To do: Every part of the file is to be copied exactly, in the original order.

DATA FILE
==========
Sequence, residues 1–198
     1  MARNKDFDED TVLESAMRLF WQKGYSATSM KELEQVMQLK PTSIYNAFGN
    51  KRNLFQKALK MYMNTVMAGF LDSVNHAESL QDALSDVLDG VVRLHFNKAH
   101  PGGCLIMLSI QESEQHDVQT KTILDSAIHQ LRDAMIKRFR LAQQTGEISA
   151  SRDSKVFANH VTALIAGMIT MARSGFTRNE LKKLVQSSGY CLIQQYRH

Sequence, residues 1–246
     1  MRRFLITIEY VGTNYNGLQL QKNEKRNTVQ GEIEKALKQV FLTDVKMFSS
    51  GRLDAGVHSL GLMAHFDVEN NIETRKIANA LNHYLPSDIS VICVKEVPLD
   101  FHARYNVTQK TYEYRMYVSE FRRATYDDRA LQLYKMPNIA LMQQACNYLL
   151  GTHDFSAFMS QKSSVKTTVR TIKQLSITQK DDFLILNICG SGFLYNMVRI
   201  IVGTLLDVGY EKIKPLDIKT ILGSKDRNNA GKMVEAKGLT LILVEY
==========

Sequence, residues 1–198
     1  MARNKDFDED TVLESAMRLF WQKGYSATSM KELEQVMQLK PTSIYNAFGN
    51  KRNLFQKALK MYMNTVMAGF LDSVNHAESL QDALSDVLDG VVRLHFNKAH
   101  PGGCLIMLSI QESEQHDVQT KTILDSAIHQ LRDAMIKRFR LAQQTGEISA
   151  SRDSKVFANH VTALIAGMIT MARSGFTRNE LKKLVQSSGY CLIQQYRH

Sequence, residues 1–246
     1  MRRFLITIEY VGTNYNGLQL QKNEKRNTVQ GEIEKALKQV FLTDVKMFSS
    51  GRLDAGVHSL GLMAHFDVEN NIETRKIANA LNHYLPSDIS VICVKEVPLD
   101  FHARYNVTQK TYEYRMYVSE FRRATYDDRA LQLYKMPNIA LMQQACNYLL
   151  GTHDFSAFMS QKSSVKTTVR TIKQLSITQK DDFLILNICG SGFLYNMVRI
   201  IVGTLLDVGY EKIKPLDIKT ILGSKDRNNA GKMVEAKGLT LILVEY